Sunchokes 'Bagna Cauda': walnut, endive, parsley and anchovies.

When you were planning your own place, was it also along the French bistro lines? The original idea I had was a French/Asian influence, but the more I talked to Gabe the more we wanted to shift the focus to the French-American bistro. There are certain dishes with Asian influences or straight-up just Asian—the sticky rice, for example—but for the most part the menu is very classic French bistro inspired. [Ed. Note: Since this interview the menu has been changed to include more Asian-inflected dishes.]

What's the through-line of your menu for you? I think really using great ingredients and maximizing flavors out of each of the ingredients. A lot of it, too, is a combination of ingredients and technique. We're very conscious on how we execute things and the techniques involved. Like, just for shit and giggles we started fluting the mushrooms. It's one of those techniques that's completely lost and no one does anymore, but it started as a joke here and just stuck.

Speaking of lost technique; one could say that classic French cuisine hasn't quite sat well with young, experienced diners of limited means. Do you think elevated food on a more casual level is going to be more of a focus in New York? I don't think that's really changed much. You look at what Daniel has done with DBGB and Bar Boulud and even DB Bistro, which is ten years old. They're already doing high caliber cuisine in a more casual environment. A lot of people have been noting the resurgence of French bistros and cuisine in New York. I don't think that it was lost and now suddenly found its way back. I would say that it just needed more attention.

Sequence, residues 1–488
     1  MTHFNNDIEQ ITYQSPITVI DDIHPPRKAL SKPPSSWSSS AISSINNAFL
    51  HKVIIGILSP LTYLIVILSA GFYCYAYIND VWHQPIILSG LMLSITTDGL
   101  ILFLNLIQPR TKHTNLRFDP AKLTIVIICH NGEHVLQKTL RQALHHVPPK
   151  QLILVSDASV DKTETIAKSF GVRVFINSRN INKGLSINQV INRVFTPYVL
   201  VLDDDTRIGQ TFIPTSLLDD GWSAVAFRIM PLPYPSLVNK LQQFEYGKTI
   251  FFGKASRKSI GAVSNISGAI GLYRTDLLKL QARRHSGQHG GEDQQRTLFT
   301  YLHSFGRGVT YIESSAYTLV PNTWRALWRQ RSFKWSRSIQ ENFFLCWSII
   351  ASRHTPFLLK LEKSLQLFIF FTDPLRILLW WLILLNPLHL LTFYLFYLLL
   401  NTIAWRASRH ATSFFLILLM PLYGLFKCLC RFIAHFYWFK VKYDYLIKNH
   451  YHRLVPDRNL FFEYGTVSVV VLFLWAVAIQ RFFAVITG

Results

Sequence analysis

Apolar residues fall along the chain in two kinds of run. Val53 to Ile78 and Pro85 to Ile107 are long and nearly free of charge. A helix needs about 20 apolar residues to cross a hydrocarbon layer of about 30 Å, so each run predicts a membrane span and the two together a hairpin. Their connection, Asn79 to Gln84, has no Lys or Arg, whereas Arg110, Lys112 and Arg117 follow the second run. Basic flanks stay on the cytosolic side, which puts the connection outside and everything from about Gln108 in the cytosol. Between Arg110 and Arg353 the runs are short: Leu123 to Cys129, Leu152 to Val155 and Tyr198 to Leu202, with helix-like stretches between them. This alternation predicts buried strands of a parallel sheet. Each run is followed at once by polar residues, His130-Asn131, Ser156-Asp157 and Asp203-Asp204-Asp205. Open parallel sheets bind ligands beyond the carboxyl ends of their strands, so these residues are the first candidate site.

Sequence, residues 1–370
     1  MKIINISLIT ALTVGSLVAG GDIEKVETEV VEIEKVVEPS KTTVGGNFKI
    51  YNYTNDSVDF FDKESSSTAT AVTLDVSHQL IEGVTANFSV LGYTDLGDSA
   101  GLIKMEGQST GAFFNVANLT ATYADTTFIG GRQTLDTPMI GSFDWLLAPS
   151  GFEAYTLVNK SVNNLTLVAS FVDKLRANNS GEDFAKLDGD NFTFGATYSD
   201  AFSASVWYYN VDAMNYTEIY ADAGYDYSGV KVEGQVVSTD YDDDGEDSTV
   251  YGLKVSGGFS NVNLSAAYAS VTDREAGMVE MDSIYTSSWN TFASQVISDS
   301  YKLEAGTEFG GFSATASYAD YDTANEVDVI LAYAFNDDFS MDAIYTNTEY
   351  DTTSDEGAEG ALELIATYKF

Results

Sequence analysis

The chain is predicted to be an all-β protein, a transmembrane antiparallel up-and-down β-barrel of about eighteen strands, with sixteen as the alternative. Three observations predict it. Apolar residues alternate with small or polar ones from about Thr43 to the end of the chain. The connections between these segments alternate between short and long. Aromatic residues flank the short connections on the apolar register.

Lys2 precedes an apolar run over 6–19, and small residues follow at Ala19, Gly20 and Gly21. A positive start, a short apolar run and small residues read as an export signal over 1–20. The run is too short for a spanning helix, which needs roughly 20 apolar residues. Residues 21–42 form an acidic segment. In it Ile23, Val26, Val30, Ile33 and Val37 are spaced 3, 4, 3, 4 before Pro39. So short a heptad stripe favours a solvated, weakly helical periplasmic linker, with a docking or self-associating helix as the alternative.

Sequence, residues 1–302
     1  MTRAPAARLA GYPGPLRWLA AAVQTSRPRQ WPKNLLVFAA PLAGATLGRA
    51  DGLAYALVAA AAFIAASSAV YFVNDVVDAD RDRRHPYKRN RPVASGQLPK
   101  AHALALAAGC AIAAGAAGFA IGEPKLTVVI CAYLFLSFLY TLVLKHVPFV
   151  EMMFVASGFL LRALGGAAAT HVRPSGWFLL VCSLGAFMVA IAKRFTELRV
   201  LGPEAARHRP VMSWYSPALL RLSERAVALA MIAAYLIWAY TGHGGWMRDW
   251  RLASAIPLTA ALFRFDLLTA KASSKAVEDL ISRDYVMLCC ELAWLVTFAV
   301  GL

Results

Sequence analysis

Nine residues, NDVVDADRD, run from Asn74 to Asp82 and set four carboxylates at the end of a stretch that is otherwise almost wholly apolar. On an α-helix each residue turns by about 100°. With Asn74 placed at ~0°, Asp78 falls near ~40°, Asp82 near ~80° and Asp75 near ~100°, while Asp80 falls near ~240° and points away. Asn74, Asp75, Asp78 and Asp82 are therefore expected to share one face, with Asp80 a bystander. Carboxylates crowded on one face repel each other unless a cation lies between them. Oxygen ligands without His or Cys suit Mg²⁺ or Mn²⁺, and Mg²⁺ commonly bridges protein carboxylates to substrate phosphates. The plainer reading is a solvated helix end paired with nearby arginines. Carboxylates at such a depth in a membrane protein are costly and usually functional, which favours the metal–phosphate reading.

Cavolo Nero Tarte Renversee: egg yolk, parmesan, and anchovies

Why do you think it's getting more attention now? I'm honestly more interested in the in how. How is someone going to represent, interpret and reinterpret and present their vision of French cuisine? For me it's so interesting to see what people are doing and how they're doing it.